Tomorrow, Clare E. Linfield will go back where she came from.

The4-H extension agent will return to the teaching job she left at Liberty High School three years ago.

"It was a very difficult decision. My husband was glad I finally made a decision so he could sleep again," she said, noting that she was doing a lot of tossing and turning at night.

Linfield, 35, willteach agriculture classes part time at the Eldersburg school.

Shewill be missed by 4-H'ers and adult volunteers, two club leaders said.

"She's a real driving force behind 4-H in the county," said FayF. Gross, leader of the Westminster Eagles, founded two years ago.

Part of Linfield's responsibility as a 4-H agent was to recruit newmembers. In the last three years, she said, she got 15 clubs started, each with about 20 members.

"The kids adored her. They're reallygoing to miss her," said Terry Gachot, leader of the Finksburg Funnies, founded last year.

"It's her charisma. Any time you see Clare,you see 4-H kids around her. She's very bubbly.

"Every time I called and asked a question, she always came through and helped," Gachotsaid.

Linfield was the first 4-H agent in the county charged withrecruiting, said Robert M. Shirley, 4-H extension agent in Carroll for 13 years.

"Clare really did expand the program while she was here," he said. "There are many members we wouldn't have attracted without her vigorous recruiting effort.

"It will be hard for somebodyto step into her shoes," he said.

Carroll County's 4-H program isone of the three largest in the state, with about 850 members.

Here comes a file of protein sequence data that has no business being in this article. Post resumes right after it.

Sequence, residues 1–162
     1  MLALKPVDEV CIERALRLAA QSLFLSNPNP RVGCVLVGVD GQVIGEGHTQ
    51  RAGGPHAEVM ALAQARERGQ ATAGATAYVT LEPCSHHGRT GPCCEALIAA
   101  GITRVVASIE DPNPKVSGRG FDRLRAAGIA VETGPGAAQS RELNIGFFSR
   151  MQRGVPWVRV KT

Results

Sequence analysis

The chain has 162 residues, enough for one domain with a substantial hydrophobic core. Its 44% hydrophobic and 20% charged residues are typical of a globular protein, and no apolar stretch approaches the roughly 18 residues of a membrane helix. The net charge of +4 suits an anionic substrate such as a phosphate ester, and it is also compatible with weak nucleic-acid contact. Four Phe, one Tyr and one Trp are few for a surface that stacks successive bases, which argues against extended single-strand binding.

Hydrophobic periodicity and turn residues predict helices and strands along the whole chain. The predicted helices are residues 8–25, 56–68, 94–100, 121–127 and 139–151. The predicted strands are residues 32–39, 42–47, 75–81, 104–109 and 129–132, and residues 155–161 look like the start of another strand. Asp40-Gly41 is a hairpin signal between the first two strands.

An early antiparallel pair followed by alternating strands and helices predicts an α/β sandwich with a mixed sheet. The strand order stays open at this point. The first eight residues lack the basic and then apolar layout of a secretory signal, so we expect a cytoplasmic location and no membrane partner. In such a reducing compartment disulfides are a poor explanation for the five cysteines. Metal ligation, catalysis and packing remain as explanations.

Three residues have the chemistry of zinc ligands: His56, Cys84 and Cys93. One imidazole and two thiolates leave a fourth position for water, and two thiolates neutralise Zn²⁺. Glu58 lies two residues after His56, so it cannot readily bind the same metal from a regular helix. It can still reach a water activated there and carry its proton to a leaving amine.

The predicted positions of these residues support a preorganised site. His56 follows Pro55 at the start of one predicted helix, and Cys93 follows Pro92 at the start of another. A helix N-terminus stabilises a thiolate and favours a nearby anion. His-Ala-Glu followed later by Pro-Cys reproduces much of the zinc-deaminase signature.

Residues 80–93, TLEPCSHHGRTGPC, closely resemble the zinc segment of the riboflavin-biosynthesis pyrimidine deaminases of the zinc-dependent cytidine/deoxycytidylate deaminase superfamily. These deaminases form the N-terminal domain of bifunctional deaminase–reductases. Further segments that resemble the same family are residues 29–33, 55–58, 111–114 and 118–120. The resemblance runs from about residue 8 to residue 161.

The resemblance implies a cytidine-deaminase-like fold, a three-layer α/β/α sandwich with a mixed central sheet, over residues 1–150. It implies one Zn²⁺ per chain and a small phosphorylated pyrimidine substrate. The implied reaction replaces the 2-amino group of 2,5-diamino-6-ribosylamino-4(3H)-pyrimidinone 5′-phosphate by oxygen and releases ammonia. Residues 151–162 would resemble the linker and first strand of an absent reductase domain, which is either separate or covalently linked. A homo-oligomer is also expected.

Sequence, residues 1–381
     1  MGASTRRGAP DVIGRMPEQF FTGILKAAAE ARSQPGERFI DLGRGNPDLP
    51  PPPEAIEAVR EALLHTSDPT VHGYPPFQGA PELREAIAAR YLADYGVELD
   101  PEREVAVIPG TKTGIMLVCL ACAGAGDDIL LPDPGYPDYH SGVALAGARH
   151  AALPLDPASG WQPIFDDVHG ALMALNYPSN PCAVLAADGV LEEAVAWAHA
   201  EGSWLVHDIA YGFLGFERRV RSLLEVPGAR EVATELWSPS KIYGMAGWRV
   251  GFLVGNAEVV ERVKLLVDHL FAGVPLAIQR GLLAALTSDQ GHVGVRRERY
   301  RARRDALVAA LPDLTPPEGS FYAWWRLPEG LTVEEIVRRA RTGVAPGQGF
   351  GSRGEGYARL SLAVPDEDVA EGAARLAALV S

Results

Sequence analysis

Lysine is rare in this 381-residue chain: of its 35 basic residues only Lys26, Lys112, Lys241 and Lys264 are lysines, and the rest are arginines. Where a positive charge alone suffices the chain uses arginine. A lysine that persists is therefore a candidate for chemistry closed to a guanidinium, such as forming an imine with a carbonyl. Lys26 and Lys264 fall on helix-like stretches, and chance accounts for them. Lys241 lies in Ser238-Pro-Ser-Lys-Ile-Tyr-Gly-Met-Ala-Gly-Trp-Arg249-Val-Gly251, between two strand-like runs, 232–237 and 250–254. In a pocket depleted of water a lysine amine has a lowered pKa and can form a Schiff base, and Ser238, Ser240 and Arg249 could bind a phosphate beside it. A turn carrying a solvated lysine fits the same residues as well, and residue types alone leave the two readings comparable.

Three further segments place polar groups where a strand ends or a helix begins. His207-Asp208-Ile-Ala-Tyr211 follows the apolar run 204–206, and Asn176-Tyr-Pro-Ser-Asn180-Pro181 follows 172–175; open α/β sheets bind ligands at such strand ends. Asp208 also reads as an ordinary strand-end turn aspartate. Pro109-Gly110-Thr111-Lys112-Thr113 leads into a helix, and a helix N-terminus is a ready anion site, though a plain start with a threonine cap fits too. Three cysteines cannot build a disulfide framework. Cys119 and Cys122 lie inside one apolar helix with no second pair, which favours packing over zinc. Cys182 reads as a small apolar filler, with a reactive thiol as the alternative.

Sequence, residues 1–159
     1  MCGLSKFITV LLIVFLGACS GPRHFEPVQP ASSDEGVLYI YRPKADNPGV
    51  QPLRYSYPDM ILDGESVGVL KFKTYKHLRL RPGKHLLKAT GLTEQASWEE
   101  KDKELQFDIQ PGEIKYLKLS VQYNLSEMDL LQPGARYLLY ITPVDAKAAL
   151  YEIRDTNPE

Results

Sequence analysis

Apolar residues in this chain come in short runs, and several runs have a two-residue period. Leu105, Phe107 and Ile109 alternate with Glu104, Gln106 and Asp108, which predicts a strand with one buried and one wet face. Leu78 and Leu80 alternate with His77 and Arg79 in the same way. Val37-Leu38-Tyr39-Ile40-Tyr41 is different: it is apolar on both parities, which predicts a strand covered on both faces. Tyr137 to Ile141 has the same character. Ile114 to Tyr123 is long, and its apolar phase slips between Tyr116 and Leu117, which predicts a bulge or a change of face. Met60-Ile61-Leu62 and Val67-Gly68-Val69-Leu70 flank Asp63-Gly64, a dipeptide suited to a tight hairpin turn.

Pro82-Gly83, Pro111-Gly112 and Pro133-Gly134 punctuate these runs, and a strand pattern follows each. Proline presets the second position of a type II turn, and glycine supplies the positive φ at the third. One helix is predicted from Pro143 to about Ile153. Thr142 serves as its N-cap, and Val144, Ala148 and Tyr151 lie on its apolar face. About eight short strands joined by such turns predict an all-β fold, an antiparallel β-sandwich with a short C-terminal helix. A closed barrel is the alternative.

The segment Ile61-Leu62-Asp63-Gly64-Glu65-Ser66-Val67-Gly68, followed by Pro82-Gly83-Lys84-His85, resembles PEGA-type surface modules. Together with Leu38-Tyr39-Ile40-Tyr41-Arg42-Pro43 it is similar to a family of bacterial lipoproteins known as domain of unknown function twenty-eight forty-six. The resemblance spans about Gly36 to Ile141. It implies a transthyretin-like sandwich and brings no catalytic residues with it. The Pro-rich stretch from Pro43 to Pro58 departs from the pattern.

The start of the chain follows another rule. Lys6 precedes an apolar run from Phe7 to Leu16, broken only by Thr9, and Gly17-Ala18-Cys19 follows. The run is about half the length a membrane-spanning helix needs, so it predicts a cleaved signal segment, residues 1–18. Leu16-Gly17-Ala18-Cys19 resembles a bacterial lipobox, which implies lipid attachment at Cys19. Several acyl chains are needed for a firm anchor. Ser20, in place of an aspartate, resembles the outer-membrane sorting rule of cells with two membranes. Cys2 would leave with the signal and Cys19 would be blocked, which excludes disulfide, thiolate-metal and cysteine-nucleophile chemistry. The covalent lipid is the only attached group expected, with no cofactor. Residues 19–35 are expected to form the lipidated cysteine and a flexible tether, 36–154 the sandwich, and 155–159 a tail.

Linfield said, "People still think of 4-H as cows and cooking. We're that, but we're a whole lot more."

Many newer 4-H members don't liveon farms, she said. They're involved in a variety of projects, including crafts, natural resources, photography and public speaking.

The deadline to apply for Linfield's job is Sept. 13, and Shirley saidhe hopes to have it filled by early October.

The job is federallysupported, so it is not affected by the state's hiring freeze, he said.

In addition to recruiting, Linfield worked with the dog obedience program and the Kids on the Block puppet show, which teaches youngsters about disabilities.

At Liberty, she will teach horticulture, landscaping, wildlife management and natural resources management. She will be the only ag teacher at the school.

She said she hopes to get more students interested in the new ag classes at county schools. Last year, county high schools began offering an expanded curriculum, including classes in biotechnology, genetic engineering and aquaculture.

"I'm looking forward to working with the new courses," she said.

Before becoming a 4-H agent, Linfield taught at Liberty for eight years and South Carroll High for one year. She said she left Liberty when the county laid off some ag teachers.

Linfield lives between Westminster and Manchester with her husband, Steve, an engineer.

She said she'll stay involved in 4-H as a volunteer. She plansto continue working with the dog obedience program, in which she helps 4-H'ers train their pets in a 16-week program. Her black Great Dane is a favorite of 4-H'ers.

Linfield said she made many friendships with 4-H'ers and volunteers.

"It will be hard to leave," she said.

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